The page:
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Purpose – The purpose of this paper is to gather current (2011) arguments and counterarguments in support of the classic change management model proposed by John P…
Purpose – The purpose of this paper is to gather current (2011) arguments and counterarguments in support of the classic change management model proposed by John P. Kotter in his 1996 book Leading Change. His work was based on his personal business and research experience, and did not reference any outside sources that has questioned its value. A current perspective on a limited tested model aims to be a focus of this paper. Design/methodology/approach – The literature on change management was reviewed for each of the eight steps defined in Kotter's model, to review how much support each of these steps had, individually and collectively, in 15 years of literature. Findings – The review found support for most of the steps, although no formal studies were found covering the entire spectrum and structure of the model. Kotter's change management model appears to derive its popularity more from its direct and usable format than from any scientific consensus on the results. However the model has several limitations, that are identified, impacting upon its universal acceptance and popularity. Research limitations/implications – Further studies should examine the validity of Kotter's model as a whole. More importantly, change management research should form a greater link with stakeholders in order to translate current research into a format usable by practitioners. Practical implications – No evidence was found against Kotter's change management model and it remains a recommendable reference. This paper attempts to “test” the “how‐to‐do‐change management” with empirical and practitioner literature that was not evident in the original text. The model would be most useful as an implementation planning tool, but complementary tools should also be used during the implementation process to adapt to contextual factors or obstacles. Originality/value – Based upon a thorough review, this is the first formal review of Kotter's change management model, 15 years after its introduction.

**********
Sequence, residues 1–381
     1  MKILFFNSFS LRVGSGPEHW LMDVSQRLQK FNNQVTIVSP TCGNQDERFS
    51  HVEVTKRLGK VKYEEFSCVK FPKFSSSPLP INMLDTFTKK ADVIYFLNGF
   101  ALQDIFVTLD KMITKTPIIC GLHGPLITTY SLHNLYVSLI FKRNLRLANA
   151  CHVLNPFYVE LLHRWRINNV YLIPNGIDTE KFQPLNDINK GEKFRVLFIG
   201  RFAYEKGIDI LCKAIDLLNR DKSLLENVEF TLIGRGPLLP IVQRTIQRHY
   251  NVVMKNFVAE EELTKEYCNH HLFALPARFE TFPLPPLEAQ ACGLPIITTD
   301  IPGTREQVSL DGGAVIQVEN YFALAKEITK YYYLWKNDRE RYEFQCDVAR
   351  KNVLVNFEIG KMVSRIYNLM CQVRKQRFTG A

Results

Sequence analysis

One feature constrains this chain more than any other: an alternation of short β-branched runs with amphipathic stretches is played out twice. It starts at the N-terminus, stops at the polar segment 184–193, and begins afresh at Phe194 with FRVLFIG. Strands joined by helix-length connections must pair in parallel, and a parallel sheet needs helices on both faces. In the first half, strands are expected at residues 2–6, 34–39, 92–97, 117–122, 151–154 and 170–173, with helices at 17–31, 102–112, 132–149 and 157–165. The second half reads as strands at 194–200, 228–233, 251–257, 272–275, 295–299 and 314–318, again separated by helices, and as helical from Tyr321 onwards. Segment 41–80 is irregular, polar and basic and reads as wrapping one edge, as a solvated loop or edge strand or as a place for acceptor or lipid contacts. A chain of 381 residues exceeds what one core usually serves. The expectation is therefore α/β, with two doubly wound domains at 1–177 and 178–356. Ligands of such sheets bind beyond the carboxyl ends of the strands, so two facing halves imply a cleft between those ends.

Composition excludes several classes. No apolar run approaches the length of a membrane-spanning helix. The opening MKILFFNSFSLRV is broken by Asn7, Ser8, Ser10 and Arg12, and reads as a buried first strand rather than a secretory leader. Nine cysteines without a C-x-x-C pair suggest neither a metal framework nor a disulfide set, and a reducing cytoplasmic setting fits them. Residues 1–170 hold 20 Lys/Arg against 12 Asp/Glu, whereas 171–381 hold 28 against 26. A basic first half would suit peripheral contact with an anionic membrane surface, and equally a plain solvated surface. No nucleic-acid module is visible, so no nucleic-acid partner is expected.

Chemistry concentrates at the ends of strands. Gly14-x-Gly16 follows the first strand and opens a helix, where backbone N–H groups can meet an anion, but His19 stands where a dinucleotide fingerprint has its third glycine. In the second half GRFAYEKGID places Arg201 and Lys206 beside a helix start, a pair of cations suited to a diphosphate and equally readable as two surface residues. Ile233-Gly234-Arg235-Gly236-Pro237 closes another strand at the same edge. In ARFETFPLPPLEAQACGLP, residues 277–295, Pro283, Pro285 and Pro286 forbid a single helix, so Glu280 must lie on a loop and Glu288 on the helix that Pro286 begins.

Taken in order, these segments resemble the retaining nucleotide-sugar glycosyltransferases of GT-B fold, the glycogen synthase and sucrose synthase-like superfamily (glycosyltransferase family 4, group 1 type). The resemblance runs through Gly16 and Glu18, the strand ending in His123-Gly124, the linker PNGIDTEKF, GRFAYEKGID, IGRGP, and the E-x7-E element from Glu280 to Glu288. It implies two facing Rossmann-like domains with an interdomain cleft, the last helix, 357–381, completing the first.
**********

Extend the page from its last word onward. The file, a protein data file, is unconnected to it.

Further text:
Palestinian children have been described as targets of the Israel government’s melange of mechanisms used to control the Palestinian people and territories. In this role…